Impact of Brexit on cybersecurity far reaching, says expert

Britain’s pivotal role in intelligence network flagged by Misha Glenny at Carlow gathering

The British exit from the European Union will have a huge impact on cybersecurity in the western world, according to an international writer on the issue.

"Britain is the key country which links the intelligence network of the United States, Canada, Australia and New Zealand with the European Union and if Britain goes, that intelligence link goes," said Misha Glenny, journalist, author and international expert on cyber and information security issues.

Speaking at the Festival of Writing and Ideas in Borris, Co Carlow on Saturday, Glenny said the world is in a “state of controlled mayhem in cyber” with no international agreement between the major powers of the world.

"It's really important that countries like the United States, Russia and China get around the table and come to an agreement because not only will they get into trouble with each other but terrorist groups can start to play a real role in cyberwarfare and cyberespionage," said Glenny, who is the author of Dark Market: How Hackers Became the New Mafia.


In a whistle-stop tour of cyberunderworld and the Dark web, Glenny said "spies, police and military intelligence officers and criminals all inhabit this deeply confusing world seeking out the latest cyber criminal and cyber espionage techniques". He highlighted the biggest risk to be political attacks on critical national infrastructure, noting the 2014 attack which shut down the electrical grid in western Ukraine for a week and how $81 million was stolen from the Central Bank of Bangladesh.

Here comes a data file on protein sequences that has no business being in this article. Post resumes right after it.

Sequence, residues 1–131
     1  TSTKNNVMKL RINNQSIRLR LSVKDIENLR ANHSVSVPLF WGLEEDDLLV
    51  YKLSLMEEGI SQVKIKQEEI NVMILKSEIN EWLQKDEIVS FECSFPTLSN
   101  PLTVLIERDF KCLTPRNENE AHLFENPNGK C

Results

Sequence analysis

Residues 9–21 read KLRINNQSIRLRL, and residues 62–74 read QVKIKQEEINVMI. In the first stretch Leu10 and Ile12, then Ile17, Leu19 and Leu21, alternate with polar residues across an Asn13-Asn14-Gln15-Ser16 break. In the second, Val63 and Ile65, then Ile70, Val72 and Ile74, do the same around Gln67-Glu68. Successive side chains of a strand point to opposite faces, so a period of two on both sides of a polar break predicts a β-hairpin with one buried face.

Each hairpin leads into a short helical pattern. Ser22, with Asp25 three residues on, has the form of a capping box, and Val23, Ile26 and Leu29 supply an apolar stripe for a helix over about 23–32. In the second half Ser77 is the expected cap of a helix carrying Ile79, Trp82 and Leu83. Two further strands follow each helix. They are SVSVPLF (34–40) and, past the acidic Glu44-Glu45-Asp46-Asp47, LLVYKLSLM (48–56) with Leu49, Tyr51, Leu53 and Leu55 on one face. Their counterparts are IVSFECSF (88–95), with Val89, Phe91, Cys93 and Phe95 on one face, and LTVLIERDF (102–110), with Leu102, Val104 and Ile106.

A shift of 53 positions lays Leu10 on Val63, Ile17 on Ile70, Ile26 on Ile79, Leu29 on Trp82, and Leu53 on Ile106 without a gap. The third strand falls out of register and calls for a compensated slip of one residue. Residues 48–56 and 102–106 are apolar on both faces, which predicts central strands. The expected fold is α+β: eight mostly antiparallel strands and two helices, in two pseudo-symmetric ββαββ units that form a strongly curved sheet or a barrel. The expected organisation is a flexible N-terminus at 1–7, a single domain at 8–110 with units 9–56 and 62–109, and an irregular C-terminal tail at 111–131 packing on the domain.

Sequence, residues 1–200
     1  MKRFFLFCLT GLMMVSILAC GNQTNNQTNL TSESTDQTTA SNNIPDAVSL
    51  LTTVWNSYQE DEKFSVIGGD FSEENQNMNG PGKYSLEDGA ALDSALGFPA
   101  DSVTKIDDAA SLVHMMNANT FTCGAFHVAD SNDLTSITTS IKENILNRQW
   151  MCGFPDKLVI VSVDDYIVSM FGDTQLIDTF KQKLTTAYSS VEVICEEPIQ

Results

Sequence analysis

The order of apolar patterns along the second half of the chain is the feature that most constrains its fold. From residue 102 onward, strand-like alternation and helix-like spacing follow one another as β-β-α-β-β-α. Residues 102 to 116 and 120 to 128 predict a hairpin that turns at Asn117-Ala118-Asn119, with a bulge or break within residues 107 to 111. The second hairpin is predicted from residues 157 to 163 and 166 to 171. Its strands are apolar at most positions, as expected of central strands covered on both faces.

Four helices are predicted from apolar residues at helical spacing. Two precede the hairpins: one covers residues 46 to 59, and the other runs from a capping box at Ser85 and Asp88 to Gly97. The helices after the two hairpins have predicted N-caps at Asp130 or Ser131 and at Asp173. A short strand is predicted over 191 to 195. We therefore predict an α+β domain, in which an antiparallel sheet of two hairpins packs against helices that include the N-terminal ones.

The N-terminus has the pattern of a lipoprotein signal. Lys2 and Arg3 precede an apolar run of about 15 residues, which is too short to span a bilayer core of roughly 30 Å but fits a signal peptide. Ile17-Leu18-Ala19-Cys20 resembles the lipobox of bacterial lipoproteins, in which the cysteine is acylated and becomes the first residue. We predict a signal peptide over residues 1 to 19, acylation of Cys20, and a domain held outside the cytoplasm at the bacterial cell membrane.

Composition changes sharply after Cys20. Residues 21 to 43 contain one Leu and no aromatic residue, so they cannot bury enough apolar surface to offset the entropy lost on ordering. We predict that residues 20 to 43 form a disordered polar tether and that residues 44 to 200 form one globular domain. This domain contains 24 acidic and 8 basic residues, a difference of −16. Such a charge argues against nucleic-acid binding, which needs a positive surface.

He said The Wanna Cry ransomeware attacks in 2017 were not proper ransomeware attack but instead "someone sending a warning to the world about what they could do". That attack did affected the National Health Service in the United Kingdom, Deutsche Bahn railways in Germany, Telefonica telecommunications network in Spain, the Chinese banking system and the Russian interior ministry.

Speaking on the same topic of Cyberdogs of War, journalist Ben McIntyre said that Cyberwars – in which information is weaponised to create mass confusion or to push a particular line – has been running for 10 years.

“There hasn’t been an attack on air traffic control yet but it’s entirely conceivable because anything with an on/off button is a potential target,” said McIntyre at the panel discussion with Glenny and historian Margaret MacMillan.

McIntyre said that the idea of robot wars is absolutely real. “Artificial Intelligence (AI) is the third arms race [after gunpowder and nuclear] and 12 countries now have AI weapons. There are 400 different sorts of automated or semi-automated weapons which can identify targets and independently decide whether or not to pull the trigger,” he said.

A lot of the elements of traditional wars – such as courage, boredom, bravery and fear – don’t apply to robotic wars which McIntyre said was “a very worrying thought”. The festival from June 8th to 10th hosted more than 50 panel discussion on politics, history, literature, art, music and poetry.

Sylvia Thompson

Sylvia Thompson

Sylvia Thompson, a contributor to The Irish Times, writes about health, heritage and the environment